Life is surely like a box of chocolate: we never know what will happen next Things are the same in university: no matter how hard you try, things come and go. That’s why to you need to build up resilience – the ability to preserve through fluctuations, an important quality of a successful person.
The Importance of Being Resilient
Science has shown that resilience plays an important role in your academic performances, as well as your well-being (The Guardian, 2016). Those who have strong resilience can control their lives better and have more positive relationships. It will also help you through hard times. For students, being resilient means less absence from studying, less likely to get involved in excessive drinking or drug abuse. These students have better physical and mental health and have better result in academic studying.
The question is, resilience is not just a natural talent. You can develop it day by day with these tips.
How to Cultivate Resilience
1. Open your heart
As we connect with others, our brain releases a hormone called oxytocin, which can decrease physiological stress. Traumatic experience seems to be easier when you share with your dearest one. Resilience doesn’t mean you have to endure alone. Being strong means you are ready to open your heart, even when you feel scared to do so. A university life can be busy and loud. Whether you are stuck in the library all the time or enjoy yourself at parties, consider sparing some time to strengthen healthy relationships. Psychologists encourage you to make the effort in a few special relationships, because keeping your focus on only one person may negatively affect your college student resilience skills.
2. Sense of humor
Needless to say, things surely become easier when you have a sense of humor. Physical laughs can actually bring out real joyous feeling and activate your body’s stress relieving system. Thanks to this, your tension is releases and you can cope with hardship better.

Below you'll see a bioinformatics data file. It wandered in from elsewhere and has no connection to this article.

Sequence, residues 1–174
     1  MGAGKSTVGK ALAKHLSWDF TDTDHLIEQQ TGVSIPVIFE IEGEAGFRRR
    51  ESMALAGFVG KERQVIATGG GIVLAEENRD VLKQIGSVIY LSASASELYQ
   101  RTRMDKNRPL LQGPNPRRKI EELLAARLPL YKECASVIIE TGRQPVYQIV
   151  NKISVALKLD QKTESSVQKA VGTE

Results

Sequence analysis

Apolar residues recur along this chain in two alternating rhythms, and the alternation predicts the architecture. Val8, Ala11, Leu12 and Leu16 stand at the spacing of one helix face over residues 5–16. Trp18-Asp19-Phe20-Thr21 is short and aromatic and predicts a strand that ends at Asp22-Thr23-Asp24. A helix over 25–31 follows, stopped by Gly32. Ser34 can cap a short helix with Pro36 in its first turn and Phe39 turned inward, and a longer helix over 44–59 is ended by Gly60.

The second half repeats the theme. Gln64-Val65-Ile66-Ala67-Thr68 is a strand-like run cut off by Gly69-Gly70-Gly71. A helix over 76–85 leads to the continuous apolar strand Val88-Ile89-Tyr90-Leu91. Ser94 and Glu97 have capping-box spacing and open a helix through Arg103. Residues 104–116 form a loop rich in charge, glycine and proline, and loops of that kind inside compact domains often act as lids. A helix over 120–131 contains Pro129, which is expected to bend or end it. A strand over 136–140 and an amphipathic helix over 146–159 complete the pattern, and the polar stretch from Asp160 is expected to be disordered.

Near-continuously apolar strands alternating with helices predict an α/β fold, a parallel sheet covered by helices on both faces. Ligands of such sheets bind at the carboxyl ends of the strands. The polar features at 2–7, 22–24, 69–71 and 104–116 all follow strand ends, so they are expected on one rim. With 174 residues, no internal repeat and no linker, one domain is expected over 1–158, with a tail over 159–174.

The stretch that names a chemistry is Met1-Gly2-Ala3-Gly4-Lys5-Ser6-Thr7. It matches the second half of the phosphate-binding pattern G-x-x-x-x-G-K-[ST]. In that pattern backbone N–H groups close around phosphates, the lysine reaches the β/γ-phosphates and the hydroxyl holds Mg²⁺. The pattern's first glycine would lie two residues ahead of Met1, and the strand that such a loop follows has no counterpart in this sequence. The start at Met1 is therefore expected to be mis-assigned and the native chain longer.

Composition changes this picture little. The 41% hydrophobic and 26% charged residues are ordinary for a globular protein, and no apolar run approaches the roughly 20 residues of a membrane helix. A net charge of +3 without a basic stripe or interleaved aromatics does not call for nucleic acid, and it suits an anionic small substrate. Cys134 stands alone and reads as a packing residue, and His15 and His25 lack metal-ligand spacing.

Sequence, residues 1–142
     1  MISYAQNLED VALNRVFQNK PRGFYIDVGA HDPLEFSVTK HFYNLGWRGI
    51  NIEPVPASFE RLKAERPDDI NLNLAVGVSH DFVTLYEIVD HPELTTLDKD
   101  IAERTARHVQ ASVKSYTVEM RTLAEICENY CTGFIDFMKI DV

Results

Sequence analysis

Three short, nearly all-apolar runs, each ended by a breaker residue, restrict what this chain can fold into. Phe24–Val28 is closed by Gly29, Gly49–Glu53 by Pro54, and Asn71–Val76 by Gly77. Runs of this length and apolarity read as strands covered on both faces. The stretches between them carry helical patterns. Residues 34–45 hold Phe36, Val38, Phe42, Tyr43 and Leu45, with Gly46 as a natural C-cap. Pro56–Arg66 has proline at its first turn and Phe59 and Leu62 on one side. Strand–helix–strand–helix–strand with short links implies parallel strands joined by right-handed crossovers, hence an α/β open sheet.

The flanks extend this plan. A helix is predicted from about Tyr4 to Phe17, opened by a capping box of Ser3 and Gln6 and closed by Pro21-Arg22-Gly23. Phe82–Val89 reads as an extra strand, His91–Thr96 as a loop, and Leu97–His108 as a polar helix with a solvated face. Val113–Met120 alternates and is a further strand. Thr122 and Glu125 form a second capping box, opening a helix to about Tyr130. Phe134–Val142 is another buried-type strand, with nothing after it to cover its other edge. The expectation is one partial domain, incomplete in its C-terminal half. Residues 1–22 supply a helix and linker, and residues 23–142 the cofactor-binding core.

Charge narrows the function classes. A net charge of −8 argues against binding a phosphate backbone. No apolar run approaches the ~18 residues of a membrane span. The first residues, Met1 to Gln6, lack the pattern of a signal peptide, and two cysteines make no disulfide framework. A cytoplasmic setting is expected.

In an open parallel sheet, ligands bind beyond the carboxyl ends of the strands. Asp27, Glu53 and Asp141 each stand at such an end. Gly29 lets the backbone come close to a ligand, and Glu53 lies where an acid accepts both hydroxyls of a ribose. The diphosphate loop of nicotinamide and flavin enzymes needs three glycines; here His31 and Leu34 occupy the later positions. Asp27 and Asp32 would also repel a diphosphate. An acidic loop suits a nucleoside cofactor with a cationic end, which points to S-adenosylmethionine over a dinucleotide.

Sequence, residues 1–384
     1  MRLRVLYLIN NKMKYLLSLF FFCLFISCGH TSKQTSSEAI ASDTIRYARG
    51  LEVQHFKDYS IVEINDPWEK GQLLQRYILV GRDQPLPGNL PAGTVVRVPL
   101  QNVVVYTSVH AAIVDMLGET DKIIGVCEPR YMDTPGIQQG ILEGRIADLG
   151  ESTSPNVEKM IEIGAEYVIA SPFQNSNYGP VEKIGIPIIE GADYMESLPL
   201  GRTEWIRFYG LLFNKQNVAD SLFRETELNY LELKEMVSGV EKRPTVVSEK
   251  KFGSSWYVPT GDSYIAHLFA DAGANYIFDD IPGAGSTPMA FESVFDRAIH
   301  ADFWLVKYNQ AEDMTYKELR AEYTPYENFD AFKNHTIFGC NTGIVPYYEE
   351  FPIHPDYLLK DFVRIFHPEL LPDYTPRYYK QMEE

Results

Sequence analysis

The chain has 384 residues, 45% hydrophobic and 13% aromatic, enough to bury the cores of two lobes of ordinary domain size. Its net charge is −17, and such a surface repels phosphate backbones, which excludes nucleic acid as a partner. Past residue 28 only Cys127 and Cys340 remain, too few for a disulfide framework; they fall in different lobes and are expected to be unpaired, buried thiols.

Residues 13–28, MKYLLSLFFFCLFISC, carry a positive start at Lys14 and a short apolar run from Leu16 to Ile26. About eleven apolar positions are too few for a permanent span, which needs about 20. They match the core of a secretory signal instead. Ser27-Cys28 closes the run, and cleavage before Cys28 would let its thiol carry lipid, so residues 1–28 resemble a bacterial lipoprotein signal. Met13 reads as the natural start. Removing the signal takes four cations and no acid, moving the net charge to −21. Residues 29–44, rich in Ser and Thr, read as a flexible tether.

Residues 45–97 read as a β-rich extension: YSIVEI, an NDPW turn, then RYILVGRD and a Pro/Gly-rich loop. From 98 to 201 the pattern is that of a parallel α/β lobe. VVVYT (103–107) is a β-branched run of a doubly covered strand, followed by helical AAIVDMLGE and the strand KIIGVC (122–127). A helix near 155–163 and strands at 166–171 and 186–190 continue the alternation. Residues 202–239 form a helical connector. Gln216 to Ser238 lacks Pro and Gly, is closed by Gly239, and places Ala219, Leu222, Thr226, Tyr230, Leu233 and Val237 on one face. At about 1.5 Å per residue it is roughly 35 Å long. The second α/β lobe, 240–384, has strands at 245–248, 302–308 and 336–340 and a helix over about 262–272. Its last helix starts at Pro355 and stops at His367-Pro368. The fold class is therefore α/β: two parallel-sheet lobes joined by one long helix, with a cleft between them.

Not everyone has a good sense of humor, but the way you deal with challenges can be serious or light-hearted. It’s easy to find yourself think negatively in a difficult experience, but it’s good to find things to laugh in these times. Are you paralyzed by the event? Are you taking it a bit too personal?
By asking yourself these questions above and give a non-judgmental answer, you can practise awareness and finally realize what really bothers you.
3. Open to changes
Our human mind is designed to take a new experience with some negativity as a defense mechanism. Not every change is good, for sure, but every experience comes with something for you to learn. By accepting the experience as it is, discover what it means to you and let it go when it’s no longer needed, you will be able to take better control over your emotions.
A lot of people experience huge loss of their life in university. It’s not easy getting used to the absence of something, or someone – but by dwelling in the past, you may not be able to move on with the presence. Your important things might be irreplaceable, but so are you. It’s sad to lose something, but it’s even sadder if you lose yourself, too.
More than often, something has been changed will not go back to the way it was, no matter how long you wait for it or how much you wish it to. Therefore, it’s wiser to spend time thinking of ways to adapt to the new situation to keep things stable.
University requires you to have a better management skill for your time, money. Isn’t it the right time you be the manager for yourself, too? By having enough nutrition, exercising, socializing and resting, you are doing yourself a good deed a base for resilience.
Resilience is built upon your strength, and your strength needs time. Think of yourself as a house: unless you build, prepare and maintain over time, you can’t endure the storms.
5. Care for others
By caring for the others, you are also building your resiliency in two ways. As you focus on the other people, you are giving yourself the chance to see the bigger picture. An act of kindness also raises the level of serotonin in your brain, which then triggers satisfaction and happiness. When you think that you have done a good deed for someone, your brain also releases oxytocin, which builds your resilience at the neurochemical level.
Living in a diverse society in the university environment, you can take part in resilience activities for youth in a lot of ways, like helping a friend in need or taking part in a volunteer activity.
While some people seem to be simply more resilient, you can strengthen this quality if you really want. Bouncing back after challenges will preserve your efforts and ensure your sustainability in academic performances and in life overall. Simply start by examining what’s feel good and positive. Don’t forget you are growing up from seeking professional help when things get out of hands.
What do you think about student resilience? How do you overcome obstacles in life? Discuss with us in the comment!